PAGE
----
Astronomers failed to confirm the existence of the second planet from Proxima Centauri

Astronomers announced interim results of a four-year review of SHINE held on the VLT telescope, which conducted the second search of extrasolar planets the nearest star to the Sun Proxima Centauri. They found an object that fits the role of candidate exoplanets, however, to establish whether he is indeed an exoplanet, needs new complex observations. If the discovery is confirmed, it will be the first direct observation of exoplanets discovered through the radial velocity method. A Preprint of the article published on the website

Red dwarf Proxima Centauri is the nearest star to the Sun, its distance estimated at 4.24 light years away. In 2016, the astronomers found exoplanets around her Proximo b, which is located in the habitable zone of its star and is considered the closest to the Solar system exoplanet. In 2019, it was shown the possibility of the existence of the star of the second, larger planet Proxima C, which may be super-earths (minimum mass estimate is 5.8 Earth masses) and is located farther from the star than Proxima b (estimate of the orbital period of the earth is 1900 days, and the semimajor axis of the orbit of 1.48 astronomical units).

A team of astronomers led by Raphael Gratton (Gratton Raffaelle) of the Astronomical Observatory of Padua reported on the results of a four-year search of Proxima from using the receiver’s SPHERE (Spectro-Polarimetric High-contrast Exoplanet REsearch instrument) mounted on the telescope VLT (Very Large Telescope) in Chile. This tool is able to obtain direct images of exoplanets around other stars, scientists hoped to find new images that can be regarded as a background object, but as a visible candidate exoplanets, which would move in a previously calculated orbit.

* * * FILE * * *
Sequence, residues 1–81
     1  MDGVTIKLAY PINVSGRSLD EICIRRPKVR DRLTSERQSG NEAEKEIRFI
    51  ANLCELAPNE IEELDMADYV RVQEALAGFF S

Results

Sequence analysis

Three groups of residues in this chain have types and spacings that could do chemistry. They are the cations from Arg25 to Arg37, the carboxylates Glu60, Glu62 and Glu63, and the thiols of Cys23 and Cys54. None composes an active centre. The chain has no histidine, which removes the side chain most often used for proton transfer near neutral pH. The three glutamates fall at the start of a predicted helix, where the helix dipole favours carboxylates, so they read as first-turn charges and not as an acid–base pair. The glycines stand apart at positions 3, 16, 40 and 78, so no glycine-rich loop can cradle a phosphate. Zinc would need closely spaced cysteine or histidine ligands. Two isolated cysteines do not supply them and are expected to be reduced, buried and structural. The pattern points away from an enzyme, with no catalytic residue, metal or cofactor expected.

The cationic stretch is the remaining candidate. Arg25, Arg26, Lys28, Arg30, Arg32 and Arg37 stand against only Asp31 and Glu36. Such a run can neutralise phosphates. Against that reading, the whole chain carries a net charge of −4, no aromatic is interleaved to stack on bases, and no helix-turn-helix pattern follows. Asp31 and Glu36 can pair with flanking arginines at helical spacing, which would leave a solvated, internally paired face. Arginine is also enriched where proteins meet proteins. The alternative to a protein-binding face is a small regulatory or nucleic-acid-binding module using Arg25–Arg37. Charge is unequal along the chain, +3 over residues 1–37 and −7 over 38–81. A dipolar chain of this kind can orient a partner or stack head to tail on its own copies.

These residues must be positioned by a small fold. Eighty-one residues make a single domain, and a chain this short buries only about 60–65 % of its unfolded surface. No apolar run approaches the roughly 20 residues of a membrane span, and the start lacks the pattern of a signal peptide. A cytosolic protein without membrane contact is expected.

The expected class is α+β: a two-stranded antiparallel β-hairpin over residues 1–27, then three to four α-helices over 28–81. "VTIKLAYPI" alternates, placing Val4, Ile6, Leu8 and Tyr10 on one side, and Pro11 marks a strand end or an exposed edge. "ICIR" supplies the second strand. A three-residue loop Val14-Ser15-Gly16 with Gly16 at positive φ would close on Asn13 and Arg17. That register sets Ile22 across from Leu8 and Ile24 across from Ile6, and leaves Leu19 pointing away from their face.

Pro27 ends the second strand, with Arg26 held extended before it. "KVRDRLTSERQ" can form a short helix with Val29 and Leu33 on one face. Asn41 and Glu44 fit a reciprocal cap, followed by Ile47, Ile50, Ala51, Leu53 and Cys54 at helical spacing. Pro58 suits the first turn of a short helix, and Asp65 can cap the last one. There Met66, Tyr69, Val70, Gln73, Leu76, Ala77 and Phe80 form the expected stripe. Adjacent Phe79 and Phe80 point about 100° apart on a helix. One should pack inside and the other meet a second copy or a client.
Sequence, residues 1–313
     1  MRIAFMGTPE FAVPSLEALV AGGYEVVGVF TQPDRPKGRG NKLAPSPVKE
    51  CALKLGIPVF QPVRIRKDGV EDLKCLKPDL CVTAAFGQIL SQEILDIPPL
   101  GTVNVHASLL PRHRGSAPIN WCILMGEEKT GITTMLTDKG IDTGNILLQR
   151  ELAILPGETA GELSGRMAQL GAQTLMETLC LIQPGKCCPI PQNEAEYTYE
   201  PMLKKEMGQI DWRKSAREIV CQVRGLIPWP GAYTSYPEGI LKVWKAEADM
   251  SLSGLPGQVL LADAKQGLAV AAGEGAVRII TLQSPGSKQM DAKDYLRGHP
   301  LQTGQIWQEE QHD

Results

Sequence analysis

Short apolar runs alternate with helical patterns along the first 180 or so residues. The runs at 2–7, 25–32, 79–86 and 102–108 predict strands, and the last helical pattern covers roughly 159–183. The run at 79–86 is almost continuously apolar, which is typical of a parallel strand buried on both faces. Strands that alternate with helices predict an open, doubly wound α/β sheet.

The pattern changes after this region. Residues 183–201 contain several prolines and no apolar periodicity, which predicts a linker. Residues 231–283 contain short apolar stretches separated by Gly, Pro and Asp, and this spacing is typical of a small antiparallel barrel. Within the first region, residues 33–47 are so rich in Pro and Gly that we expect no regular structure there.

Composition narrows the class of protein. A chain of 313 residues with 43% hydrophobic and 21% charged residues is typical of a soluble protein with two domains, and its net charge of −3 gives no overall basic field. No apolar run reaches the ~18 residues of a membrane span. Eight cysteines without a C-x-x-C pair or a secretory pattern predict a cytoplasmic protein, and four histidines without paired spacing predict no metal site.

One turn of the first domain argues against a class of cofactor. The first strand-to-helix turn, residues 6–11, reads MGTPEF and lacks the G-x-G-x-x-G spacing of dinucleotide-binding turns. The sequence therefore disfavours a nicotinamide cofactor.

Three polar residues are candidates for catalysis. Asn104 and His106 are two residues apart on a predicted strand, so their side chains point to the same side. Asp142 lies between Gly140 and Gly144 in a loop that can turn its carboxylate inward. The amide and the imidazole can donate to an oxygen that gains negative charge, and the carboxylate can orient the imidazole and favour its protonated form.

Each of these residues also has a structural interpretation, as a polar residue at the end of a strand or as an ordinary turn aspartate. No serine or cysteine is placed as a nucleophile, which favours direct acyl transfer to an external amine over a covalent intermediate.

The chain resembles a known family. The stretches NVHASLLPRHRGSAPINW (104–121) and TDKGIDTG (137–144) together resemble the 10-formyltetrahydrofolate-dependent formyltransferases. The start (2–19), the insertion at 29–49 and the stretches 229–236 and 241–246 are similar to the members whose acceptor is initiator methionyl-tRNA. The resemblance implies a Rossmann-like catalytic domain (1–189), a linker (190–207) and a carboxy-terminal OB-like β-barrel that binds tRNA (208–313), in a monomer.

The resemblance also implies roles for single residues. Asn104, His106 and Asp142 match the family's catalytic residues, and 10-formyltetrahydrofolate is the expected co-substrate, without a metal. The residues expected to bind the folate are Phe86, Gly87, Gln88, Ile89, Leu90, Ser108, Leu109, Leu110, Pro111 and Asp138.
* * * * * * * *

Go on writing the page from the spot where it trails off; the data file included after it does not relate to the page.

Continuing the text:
The results were as follows. Astronomers can’t say that really found Proxima S. there is a most interesting candidate, for which the ratio signal/noise = 6,1, and the location of the candidate images and the orientation of its orbital plane is well consistent with observations of the radio telescope ALMA. If the discovery is confirmed, it will be the first direct observation of exoplanets discovered through the radial velocity method. However, there is a discrepancy in the astrometric data, in addition, the detected object is bright enough that can be interpreted as the accumulation of highly reflective material, e.g. a system of dust rings, or the result of a collision of the inner satellites of extrasolar planets, which is rather unusual.

There is also the likelihood that astronomers have discovered a previously unknown background object. Finally confirm or deny the existence of the second extrasolar planets at Proxima Centauri have some new observations in the millimeter, infrared and optical wavelengths with ground-based telescopes.

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